“They must be going senile.”
Many of us have heard some version of this phrase throughout our lives. It was often used to imply that someone, usually an older adult, was losing his or her cognitive faculties and is now commonly referred to as dementia. The National Institute on Aging defines dementia as a loss of thinking, remembering, and reasoning skills that are severe enough to interfere with daily life. According to the World Health Organization, there are 50 million people with dementia worldwide with almost 10 million new cases emerging every year. In the United States alone, there are an estimated 5 million people living with dementia and due to an aging American population, this number is expected to rise. Because the condition is so prevalent, there’s a lot of misinformation about it. Below, we bust the five of most common myths surrounding dementia.
Myth #1: Alzheimer’s and dementia are the same things.
These terms are often used interchangeably but there are differences between them. Dementia is an umbrella term for a change in one’s ability to think, recall, or reason. Under this umbrella are specific causes that explain dementia. Alzheimer’s disease is the most common form of dementia. Other causes and types of dementia are vascular dementia, dementia with Lewy bodies, and frontotemporal dementia. A doctor can help determine the underlying cause of any severe memory problems, aiding in prognosis and treatment options.
Myth #2: Dementia is an inevitable part of aging.
Although older age is a risk factor for having dementia, the condition is not a natural part of aging. In fact, some of our mental capabilities can improve or maintain with age, such as abilities in verbal reasoning, vocabulary, and reading. If you or a loved one is experiencing noticeable memory loss or memory-related issues, or you believe you are at risk for developing dementia, seek a medical evaluation and rule out other causes of cognitive impairment, such as medication interactions or poor sleep.
My #3: Only elderly people get dementia.
Just as getting older doesn’t mean you’ll get dementia, being young doesn’t mean you won’t. Although it is rare, there have been cases of people with dementia in their 30s, 40s, and 50s. Signs of dementia in younger populations are similar to those of older populations, including severe memory problems, challenges with planning and problem solving, difficulty completing tasks, new problems with speaking or writing, and confusion concerning areas of time and place. It is important to determine the underlying cause. In some cases, the progression of the disease can be slowed and with early diagnosis and treatment.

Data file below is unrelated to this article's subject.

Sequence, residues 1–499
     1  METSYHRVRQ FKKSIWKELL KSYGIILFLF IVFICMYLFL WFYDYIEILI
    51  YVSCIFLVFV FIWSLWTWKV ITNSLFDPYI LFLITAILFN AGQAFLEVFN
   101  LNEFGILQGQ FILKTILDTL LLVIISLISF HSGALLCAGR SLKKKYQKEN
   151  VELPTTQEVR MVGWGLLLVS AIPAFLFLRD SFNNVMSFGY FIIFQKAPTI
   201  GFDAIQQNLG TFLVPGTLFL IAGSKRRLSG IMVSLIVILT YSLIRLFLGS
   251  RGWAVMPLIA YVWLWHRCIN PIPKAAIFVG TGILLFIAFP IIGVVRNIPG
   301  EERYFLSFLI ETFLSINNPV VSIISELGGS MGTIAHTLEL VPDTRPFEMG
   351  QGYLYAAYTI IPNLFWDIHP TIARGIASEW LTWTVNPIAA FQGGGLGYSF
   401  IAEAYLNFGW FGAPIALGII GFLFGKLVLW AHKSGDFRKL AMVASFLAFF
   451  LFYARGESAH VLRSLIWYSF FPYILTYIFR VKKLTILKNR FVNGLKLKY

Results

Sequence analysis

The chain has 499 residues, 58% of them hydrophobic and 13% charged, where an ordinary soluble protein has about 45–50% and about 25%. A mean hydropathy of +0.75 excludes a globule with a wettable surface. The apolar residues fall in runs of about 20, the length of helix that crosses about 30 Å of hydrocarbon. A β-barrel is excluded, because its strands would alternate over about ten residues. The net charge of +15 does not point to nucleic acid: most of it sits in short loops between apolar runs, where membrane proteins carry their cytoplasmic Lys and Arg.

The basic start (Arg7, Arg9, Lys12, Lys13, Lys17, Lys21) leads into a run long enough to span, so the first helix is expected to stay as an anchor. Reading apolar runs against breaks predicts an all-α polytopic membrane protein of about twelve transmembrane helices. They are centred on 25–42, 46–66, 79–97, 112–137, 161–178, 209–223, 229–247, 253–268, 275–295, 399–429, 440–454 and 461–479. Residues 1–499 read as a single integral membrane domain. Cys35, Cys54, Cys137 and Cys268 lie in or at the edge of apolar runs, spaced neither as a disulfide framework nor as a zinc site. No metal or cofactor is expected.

Myth #4: The risk of developing dementia cannot be reduced.
While some forms of dementia share a genetic component for which there’s an increased risk, you will not necessarily get dementia just because your parent or grandparent had it. There are lifestyle modifications that can help to reduce your risk. For example, some factors that increase the chances of developing dementia are obesity, illness, high blood pressure, and cholesterol levels, isolation, unhealthy life habits, and poor diet. To keep your brain healthy, keep your heart healthy. Make an effort to get regular exercise, eat nutritious food, see your doctor regularly to control illnesses, build your social network, and continue to challenge your brain by learning new activities throughout your life.
Myth #5: Quality of life is non-existent with dementia.
People with dementia can live meaningful lives. With mild cases of dementia, little to no changes in independence may be required. If the cause of dementia is degenerative, those afflicted and their caregivers will need to make adjustments over time. Medications, such as those for treating Alzheimer’s, cannot currently prevent the disease from progressing but can help some people manage their symptoms. If you are a caregiver, you can help your loved one with dementia to improve their quality of life. Music and art remain areas that many with dementia can still participate and promote self-expression. Physical activity can help those with dementia to remain self-sufficient in areas of self-bathing and dressing. Offer them choices throughout the day, such as which shirt to wear, to promote autonomy. Try to remain patient and accommodating of any growing memory problems.
Dementia remains one of the primary causes of disability and increased dependency of adults aged 65 and older. It also remains widely misunderstood and often comes with a stigma. We hope that by addressing these five common myths we have helped you to better understand dementia—what it is as well as what it isn’t. Your doctor, support groups, and organizations such as the Dementia Society of America and ALCA (Aging Life Care Association) are excellent resources for more information.
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